Video games have been stigmatised throughout their entire existence.
The industry has come a long way from labyrinthine PC text adventures and the crude but charming Pong machines, yet the stereotype of angry basement dwelling single adolescents persists.
There seems to be an endless stream of studies making sweeping claims that games cause young men to become violent – including a recent study published by the American Psychological Association (APA) which claims to have definitive evidence of direct links to raised levels of aggression.
It would be easy to dismiss this study and others like it for failing to show a necessary causal link between playing games and becoming more violent.
The headlines ignore the many studies that show no links between violence and games because they would be boring headlines.
More cynically only certain studies make the headlines because they feed into the narrative of a conservative non game-playing public who seek to demonise games based on factually incorrect stereotypes.
Games rather than being the enemy to the upstanding citizen can be powerful tools to teach us about the horrors of war, what it means to be a solider and question the moral complexities of violence.
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The ground-breaking 1998 game Metal Gear Solid raised the bar for interactive cinematic experiences.
The game, which features a covert agent Snake trying to prevent a nuclear war, wrestles with themes of the advancements in weapons technology, the psychological conditioning of soldiers, the glorification of war and countless other significant themes few artworks dare to cover.
In a particularly memorable scene you fight against Sniper Wolf fatally injuring her.
Throughout the game she has portrayed the archetypical stock villain through melodramatic antics and Hollywood quips.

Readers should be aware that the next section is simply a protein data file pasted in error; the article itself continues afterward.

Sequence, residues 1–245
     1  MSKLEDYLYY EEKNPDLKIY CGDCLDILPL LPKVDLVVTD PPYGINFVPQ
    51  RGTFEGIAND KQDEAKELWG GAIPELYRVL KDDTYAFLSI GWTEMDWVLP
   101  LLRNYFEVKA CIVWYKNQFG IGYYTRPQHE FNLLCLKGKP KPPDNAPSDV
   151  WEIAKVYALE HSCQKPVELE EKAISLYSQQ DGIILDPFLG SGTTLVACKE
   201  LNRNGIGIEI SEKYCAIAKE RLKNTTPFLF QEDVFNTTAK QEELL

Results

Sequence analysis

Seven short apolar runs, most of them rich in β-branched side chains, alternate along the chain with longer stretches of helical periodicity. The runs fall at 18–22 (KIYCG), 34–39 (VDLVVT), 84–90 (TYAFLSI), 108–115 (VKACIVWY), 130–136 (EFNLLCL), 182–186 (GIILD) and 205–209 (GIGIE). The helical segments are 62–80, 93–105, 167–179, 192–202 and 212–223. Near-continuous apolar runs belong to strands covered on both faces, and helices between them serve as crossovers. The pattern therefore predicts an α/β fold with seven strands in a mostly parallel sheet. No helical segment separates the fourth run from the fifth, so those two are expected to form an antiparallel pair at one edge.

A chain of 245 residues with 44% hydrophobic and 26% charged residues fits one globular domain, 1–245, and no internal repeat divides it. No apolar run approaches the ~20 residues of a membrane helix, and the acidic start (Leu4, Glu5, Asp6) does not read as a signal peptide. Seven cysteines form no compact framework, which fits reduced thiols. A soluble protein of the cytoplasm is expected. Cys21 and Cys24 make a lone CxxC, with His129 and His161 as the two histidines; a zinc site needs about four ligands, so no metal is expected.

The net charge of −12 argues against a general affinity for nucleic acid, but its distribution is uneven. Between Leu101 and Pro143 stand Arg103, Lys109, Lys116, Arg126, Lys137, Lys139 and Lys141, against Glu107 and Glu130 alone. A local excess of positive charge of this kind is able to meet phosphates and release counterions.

However as she dies by your hands you learn of her history as a Kurdish freedom fighter, how she was born into war and how she despises it. You learn about the ambiguities of war.
Metal Gear Solid: The above click is rated for those 16 years of age and up
Perhaps more powerfully in the lauded Spec Ops: The Line you play as a gruff American solider sent in to ‘save the day’ in a fictional conflict in Dubai.
While starting off very much as your typical run and gun shooter, the game (a re-telling of Joseph Conrad’s Heart of Darkness) slowly revels its darker nature as a mature and unique exploration of Post-Traumatic Stress Disorder.
The true game starts when you unintentionally attack civilians with white phosphorus.
The game takes every opportunity to make contemplate your horrendous actions, actions which it forced you to take. Just as the book before it criticised the brutality of British colonialism the game looks at some the consequences of Neo Conservative Imperialism.
Spec Ops: The Line - The above clip contains scenes of graphic violence and is rated for those over 18 years of age
There exists countless other examples of violent games which benefit us aesthetically, precisely because of their violence.
The violence, whilst not to everyone’s taste, is just as critical as the violence portrayed in A Clockwork Orange, Grimms Tales or the work of Francis Bacon. Not all games have the same level of maturity and significance, just as all books and films don’t.
Many games can rightly be criticised for reinforcing negative stereotypes about other cultures, genders etc. Consumers need to look for better more mature games. Those who do will be rewarded with some of the greatest insights into the complexities of war art has to offer.
William Warren is a video editor and games journalist.